Gay activist Dan Savage’s response was typical: “She risks losing the votes of millions of [gay] Americans who survived the plague …. There are no words for the pain Clinton’s remarks have dredged up.” Other gay leaders described her remarks as “polarizing, inaccurate, offensive” and “out of touch with reality.” And in the broader liberal community, the reaction was the same. Joe Conason, a journalist and commentator who’s generally sympathetic to Clinton, wrote on Facebook that her remarks were “awful — historically inaccurate, emotionally offensive, and politically damaging.”
To mitigate the damage, Clinton has twice apologized. On Friday night she tweeted: “I misspoke about their record on HIV and AIDS. For that I’m sorry.”
Hillary Clinton’s statement on her comments about the Reagans' record on HIV and AIDS: pic.twitter.com/RtIs0zpJfk
— Hillary Clinton (@HillaryClinton) March 11, 2016
On Saturday night she elaborated:
“I said something inaccurate when speaking about the Reagans’ record on HIV and AIDS. Since then, I’ve heard from countless people who were devastated by the loss of friends and loved ones, and hurt and disappointed by what I said. As someone who has also lost friends and loved ones to AIDS, I understand why. I made a mistake, plain and simple.”
At least she stopped digging. She then took the opportunity to climb out of the hole and tout her own long record of advocacy on AIDS. Under the circumstances, it was her best option — and perhaps it will prompt her liberal critics to see the big picture, to recognize the high stakes in ’16, to confront the dire threat of Trumpism, to put her flaws in proper perspective.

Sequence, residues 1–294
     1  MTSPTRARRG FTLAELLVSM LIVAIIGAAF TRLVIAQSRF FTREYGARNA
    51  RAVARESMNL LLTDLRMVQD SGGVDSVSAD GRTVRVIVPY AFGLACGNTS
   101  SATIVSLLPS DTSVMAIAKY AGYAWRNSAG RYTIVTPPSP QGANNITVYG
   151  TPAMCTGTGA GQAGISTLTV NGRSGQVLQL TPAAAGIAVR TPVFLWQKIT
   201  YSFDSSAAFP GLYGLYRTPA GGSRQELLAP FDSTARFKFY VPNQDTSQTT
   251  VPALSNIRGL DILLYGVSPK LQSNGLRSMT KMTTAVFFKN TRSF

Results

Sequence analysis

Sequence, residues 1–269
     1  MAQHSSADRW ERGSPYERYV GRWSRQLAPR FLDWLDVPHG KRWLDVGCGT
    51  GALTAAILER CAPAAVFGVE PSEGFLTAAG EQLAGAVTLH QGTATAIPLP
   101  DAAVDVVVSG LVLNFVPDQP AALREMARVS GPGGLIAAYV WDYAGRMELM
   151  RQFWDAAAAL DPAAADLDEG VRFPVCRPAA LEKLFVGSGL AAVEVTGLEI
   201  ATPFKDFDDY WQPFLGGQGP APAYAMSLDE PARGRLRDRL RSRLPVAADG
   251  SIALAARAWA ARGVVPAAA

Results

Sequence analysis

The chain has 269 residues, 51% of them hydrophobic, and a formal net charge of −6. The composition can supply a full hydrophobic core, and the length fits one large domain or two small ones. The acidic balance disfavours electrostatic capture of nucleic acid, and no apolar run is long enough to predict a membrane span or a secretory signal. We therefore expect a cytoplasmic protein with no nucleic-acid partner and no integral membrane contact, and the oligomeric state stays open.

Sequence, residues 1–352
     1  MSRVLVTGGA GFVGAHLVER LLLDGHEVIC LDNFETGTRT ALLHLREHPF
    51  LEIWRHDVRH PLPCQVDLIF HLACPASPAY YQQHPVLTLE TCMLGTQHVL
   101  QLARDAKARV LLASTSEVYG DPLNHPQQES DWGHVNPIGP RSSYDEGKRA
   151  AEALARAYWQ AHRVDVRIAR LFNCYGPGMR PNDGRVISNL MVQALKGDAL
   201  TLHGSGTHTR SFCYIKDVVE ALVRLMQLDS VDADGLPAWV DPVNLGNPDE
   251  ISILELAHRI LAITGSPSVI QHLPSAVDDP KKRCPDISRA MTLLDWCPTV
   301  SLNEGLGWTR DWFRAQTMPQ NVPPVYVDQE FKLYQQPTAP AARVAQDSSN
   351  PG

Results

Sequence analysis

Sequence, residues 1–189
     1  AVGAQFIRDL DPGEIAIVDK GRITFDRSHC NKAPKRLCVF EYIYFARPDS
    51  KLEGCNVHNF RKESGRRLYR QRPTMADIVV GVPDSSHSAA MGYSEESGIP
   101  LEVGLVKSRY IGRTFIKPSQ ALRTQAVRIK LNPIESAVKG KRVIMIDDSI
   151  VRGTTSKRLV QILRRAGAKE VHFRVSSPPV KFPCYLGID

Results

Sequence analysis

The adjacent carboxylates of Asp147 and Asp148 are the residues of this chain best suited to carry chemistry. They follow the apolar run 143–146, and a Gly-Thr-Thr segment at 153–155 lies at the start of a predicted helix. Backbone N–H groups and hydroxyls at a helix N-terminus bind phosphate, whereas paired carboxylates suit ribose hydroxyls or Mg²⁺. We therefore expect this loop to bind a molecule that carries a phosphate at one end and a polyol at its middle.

One such critic, progressive blogger Spandan Chakrabarti, has already done so: “I know better than to judge the character of someone by single, isolated actions, let alone by a single, isolated sentence …. This is a single sentence in a single interview that Hillary Clinton has taken back. Get over it. Get on with life. We have progress to protect. We have our country’s future at stake.”
Speaking of perspective, behold this weekend eruption from the Mt. Vesuvius of Verbal Vomit:
Trump tweeted on Saturday that the protester who tried to climb onto his stage “has ties to ISIS. Should be in jail!”
USSS did an excellent job stopping the maniac running to the stage. He has ties to ISIS. Should be in jail! https://t.co/tkzbHg7wyD?ssr=true
— Donald J. Trump (@realDonaldTrump) March 12, 2016
And yesterday, on “Meet the Press,” Trump said that the protester “had Internet chatter with ISIS and about ISIS.”
But when Trump was firmly informed — umpteen times — that, no, the protester was not tied to ISIS, and that, in fact, Trump had based his remarks on a YouTube hoax, his response was a post-fact classic: “Now, I don’t know. What do I know about it? All I know is what’s on the Internet.”
There it was, Article I Section I of the U.S. Trumpstitution. Its colloquial translation goes like this: “I affix my lips to the sewer pipe and guzzle whatever comes out.”
Perspective indeed. At least Hillary Clinton took responsibility for her error.